We present the design, preparation and characterization of two types of complex coacervate core micelles (C3Ms) with cross-linked cores and spectroscopic labels, and demonstrate their use as diffusional probes to investigate the microstructure of percolating biopolymer networks. The first type consists of poly(allylamine hydrochloride) (PAH) and poly(ethylene oxide)-poly(methacrylic acid) (PEO-b-PMAA), labeled with ATTO 488 fluorescent dyes. We show that the size of these probes can be tuned by choosing the length of the PEO-PMAA chains. ATTO 488-labeled PEO113-PMAA15 micelles are very bright with 18 dye molecules incorporated into their cores. The second type is a 19F-labeled micelle, for which we used PAH and a 19F-labeled diblock copolymer tailor-made from poly(ethylene oxide) poly(acrylic acid) (mPEO79-b-PAA14). These micelles contain approximately 4 wt% of 19F and can be detected by 19F NMR. The 19F labels are placed at the end of a small spacer to allow for the necessary rotational mobility. We used these ATTO- and 19F-labeled micelles to probe the microstructures of a transient gel (xanthan gum) and a cross-linked, heterogeneous gel (kappa-carrageenan). For the transient gel, sensitive optical diffusometry methods, including fluorescence correlation spectroscopy, fluorescence recovery after photobleaching and super-resolution single nanoparticle tracking allowed us to measure the diffusion coefficient in networks with increasing density. From these measurements, we determined the diameters of the constituent xanthan fibers. In the heterogeneous kappa-carrageenan gels, bi-modal nanoparticle diffusion was observed, which is a signpost of microstructural heterogeneity of the network.
A derivation is given of the effect of a time-dependent magnetic field gradient on the spin-echo experiment, particularly in the presence of spin diffusion. There are several reasons for preferring certain kinds of time-dependent magnetic field gradients to the more usual steady gradient. If the gradient is reduced during the rf pulses, H1 need not be particularly large; if the gradient is small at the time of the echo, the echo will be broad and its amplitude easy to measure. Both of these relaxations of restrictions on the measurement of diffusion coefficients by the spin-echo technique serve to extend its range of applicability. Furthermore, a pulsed gradient can be recommended when it is critical to define the precise time period over which diffusion is being measured. The theoretical expression derived has been verified experimentally for several choices of time dependent magnetic field gradient. An apparatus is described suitable for the production of pulsed gradients with amplitudes as large as 100 G cm−1. The diffusion coefficient of dry glycerol at 26°±1°C has been found to be (2.5±0.2)×10−8 cm2 sec−1, a value smaller than can ordinarily be measured by the steady gradient method.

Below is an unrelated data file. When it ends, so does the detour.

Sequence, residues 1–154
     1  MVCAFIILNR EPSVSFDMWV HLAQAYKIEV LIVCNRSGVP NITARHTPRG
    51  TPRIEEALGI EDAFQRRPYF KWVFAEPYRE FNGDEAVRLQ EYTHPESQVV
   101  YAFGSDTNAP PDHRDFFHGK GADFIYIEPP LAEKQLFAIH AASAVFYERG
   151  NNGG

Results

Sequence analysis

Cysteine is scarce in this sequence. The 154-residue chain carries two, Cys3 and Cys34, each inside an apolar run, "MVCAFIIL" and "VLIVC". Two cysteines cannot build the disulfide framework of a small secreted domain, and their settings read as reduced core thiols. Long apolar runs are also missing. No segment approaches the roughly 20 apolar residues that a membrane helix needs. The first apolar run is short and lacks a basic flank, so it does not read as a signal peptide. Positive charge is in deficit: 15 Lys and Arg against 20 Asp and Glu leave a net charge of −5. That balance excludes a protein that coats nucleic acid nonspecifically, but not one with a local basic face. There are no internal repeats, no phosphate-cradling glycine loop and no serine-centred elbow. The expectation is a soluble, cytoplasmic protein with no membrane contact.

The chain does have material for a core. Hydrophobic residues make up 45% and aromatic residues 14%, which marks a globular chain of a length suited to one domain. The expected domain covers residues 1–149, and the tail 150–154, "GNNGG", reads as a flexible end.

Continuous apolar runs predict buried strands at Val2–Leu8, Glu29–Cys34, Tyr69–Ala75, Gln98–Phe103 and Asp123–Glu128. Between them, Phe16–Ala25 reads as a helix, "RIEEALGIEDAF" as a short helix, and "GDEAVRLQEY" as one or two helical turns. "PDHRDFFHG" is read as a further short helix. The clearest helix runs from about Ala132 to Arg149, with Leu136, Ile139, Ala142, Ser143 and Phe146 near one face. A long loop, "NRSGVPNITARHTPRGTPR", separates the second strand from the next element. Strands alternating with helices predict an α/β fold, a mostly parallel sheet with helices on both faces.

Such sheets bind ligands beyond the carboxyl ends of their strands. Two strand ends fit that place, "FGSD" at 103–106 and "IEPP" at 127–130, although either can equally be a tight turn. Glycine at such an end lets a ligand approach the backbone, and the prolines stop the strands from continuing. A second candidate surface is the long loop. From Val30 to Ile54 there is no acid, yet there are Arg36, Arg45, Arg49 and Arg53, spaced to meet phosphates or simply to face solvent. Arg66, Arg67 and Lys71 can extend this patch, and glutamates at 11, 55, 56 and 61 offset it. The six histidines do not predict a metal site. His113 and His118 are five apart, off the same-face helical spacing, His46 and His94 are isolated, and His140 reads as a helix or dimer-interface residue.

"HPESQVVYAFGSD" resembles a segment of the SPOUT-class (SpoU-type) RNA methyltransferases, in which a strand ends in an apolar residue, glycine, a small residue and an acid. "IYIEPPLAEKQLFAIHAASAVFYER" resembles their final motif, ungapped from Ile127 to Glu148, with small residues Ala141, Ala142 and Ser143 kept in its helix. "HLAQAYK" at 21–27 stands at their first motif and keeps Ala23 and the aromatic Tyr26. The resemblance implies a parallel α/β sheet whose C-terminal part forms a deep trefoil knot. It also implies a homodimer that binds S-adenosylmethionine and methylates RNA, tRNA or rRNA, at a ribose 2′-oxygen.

Diffusion in polymer solutions and gels has been studied by various techniques such as gravimetry, membrane permeation, fluorescence and radioactive labeling. These studies have led to a better knowledge on polymer morphology, transport phenomena, polymer melt and controlled release of drugs from polymer carriers. Various theoretical descriptions of the diffusion processes have been proposed. The theoretical models are based on different physical concepts such as obstruction effects, free volume effects and hydrodynamic interactions. With the availability of pulsed field gradient NMR techniques and other modern experimental methods, the study of diffusion has become much easier and data on diffusion in polymers have become more available. This review article summarizes the different physical models and theories of diffusion and their uses in describing the diffusion in polymer solutions, gels and even solids. Comparisons of the models and theories are made in an attempt to illustrate the applicability of the physical concepts. Examples in the literature are used to illustrate the application and applicability of the models in the treatment of diffusion data in various systems.